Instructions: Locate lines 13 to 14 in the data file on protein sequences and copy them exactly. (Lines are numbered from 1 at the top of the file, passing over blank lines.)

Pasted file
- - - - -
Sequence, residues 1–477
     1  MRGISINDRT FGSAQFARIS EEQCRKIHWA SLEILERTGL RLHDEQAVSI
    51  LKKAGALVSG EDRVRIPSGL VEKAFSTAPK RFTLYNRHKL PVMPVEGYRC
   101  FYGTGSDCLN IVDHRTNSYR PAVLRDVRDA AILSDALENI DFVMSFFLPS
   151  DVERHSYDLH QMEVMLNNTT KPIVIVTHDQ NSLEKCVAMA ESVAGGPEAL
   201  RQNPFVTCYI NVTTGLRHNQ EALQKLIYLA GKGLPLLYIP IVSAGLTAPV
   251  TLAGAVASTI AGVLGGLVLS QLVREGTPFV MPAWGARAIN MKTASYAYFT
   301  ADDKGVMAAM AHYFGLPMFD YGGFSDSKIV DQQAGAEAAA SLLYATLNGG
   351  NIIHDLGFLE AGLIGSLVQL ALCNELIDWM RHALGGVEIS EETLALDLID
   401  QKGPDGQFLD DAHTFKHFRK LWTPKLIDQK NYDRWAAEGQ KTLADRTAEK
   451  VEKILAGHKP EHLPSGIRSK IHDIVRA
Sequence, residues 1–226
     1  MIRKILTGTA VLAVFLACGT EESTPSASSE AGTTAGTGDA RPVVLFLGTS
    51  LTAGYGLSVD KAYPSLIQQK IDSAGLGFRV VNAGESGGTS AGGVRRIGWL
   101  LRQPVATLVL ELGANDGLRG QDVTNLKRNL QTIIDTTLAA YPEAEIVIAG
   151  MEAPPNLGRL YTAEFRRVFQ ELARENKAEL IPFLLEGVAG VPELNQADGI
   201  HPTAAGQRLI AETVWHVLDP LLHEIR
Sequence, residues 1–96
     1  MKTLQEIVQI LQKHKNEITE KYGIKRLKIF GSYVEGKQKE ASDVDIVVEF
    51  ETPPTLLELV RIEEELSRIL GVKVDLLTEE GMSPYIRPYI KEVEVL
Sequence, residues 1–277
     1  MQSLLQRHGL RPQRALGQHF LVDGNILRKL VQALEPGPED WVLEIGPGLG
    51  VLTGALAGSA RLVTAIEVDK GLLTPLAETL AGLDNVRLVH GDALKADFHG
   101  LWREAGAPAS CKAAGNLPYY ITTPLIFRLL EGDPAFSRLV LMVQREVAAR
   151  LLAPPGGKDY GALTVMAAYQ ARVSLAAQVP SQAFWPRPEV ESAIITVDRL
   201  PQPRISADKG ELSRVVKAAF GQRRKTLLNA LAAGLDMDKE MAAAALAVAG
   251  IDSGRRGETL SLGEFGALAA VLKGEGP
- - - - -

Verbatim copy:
     1  MIRKILTGTA VLAVFLACGT EESTPSASSE AGTTAGTGDA RPVVLFLGTS
    51  LTAGYGLSVD KAYPSLIQQK IDSAGLGFRV VNAGESGGTS AGGVRRIGWL